Posted by: John H. Jones | February 12, 2011

DIY Cloud-in-a-Box, Part 2

by: John H. Jones, President – LabLynx, Inc.

In my last blog posting, DIY Cloud-in-a- Box, Part 1, I introduced you to the concept of the Private Cloud and the series of articles that will chronical my journey towards the development of a private cloud that can be installed within your own organization or can be hosted in an external datacenter.  Now we continue on with Part 2.

mobiuscloudlogoIn this episode I promised to provide an outline to the Quality Manual that would be used to govern the design of the Cloud-in-a-Box and to provide it with a name and a logo.  Let’s get the fun simple stuff out of the way.  The name:  MobiusCloud.net.  So why that name?  Well, most of you are probably familiar with the Mobius Strip.  It is a sort of 3D symbol for Infinity.  The thinking is that Cloud Computing should be a virtually infinite computing resource.  Of course we all know that in this mortal world nothing is really infinite for each of us as individuals.  However lets skip this philosophy and move on. 

The Cloud Computing resource should allow for virtually limitless computing, storage, networking and applications.  So this means that the fundamental design of the MobiusCloud should be modular without limits to the addition of modules.  Modules can be seen as additional computing resources or storage or IP addresses or bandwidth or applications.  The design should be a network design much like the Internet itself so that a failing node in the network does not bring the cloud down and thus essentially provide infinite uptime.  There, that covers why this is called MobiusCloud.net.  So now we need a slogan to go with the name.  Going with the theme of infinity, I came up with:  “cloud computing without limits”  Oh, one other thing, MobiusCloud.net was about the only descent domain name I could get.

Outline for MobiusCloud Quality Manual

Now that we have a name (MobiusCloud) for this Cloud-in-a-Box so that we can all discuss things by using a name and we now have an avatar (logo) for it, we all can have a picture in our mind as we move forward.  Keep this in mind for most anything you do.  If you are going to create something, start by figuring out what you want to call it and how you want it represented.  Further, in this Internet world, you had better find a domain name at the same time or you will find it hard to get your product launched.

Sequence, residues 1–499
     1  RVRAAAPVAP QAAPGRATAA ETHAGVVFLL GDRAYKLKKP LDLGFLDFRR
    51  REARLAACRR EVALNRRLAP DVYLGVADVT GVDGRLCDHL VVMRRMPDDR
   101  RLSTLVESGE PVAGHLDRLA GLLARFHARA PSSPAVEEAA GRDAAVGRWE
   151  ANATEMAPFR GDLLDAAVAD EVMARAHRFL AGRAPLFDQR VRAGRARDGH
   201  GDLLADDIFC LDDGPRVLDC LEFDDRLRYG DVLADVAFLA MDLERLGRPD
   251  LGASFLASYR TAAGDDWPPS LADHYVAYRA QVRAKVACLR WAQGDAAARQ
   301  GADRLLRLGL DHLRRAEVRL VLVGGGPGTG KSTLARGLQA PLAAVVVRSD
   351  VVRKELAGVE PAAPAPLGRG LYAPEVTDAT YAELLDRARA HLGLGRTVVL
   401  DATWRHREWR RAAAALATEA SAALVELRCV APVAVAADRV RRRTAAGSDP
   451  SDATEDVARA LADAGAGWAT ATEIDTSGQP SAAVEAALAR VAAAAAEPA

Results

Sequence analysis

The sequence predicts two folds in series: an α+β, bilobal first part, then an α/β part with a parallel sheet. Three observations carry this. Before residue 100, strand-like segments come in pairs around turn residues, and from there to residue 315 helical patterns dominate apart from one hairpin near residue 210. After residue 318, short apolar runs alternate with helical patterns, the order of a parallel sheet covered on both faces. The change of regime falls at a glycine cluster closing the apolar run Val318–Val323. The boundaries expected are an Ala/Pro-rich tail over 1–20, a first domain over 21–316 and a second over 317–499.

The next step is to develop an outline for the MobiusCloud Quality Manual.  I feel this is the starting point for this new product/web service because without quality built into the very core of this product, cloud computing will be a joke at best and a disaster at worst.  If you are going to provide Cloud Computing services and products you had better make them “Utility Grade”.  In my mind, “Utility Grade” is just a notch below “Military Grade”.  Military Grade being the top of the line means that what you have can withstand the rigors of war and battle.  Well, I do not expect bombs to be thrown at MobiusCloud so I expect it to be up the level of Utility Grade.  Utility Grade is a level of quality like a power or telecommunications utility company (cable companies excluded) and the level that is below Utility Grade would be Enterprise Grade the next level down is Commercial Grade and the lowest level is Consumer Grade (cable companies fit here nicely).  The differences in these grades and definitions can vary wildly but I feel that the Utility Grade represents the practical best assuming no war.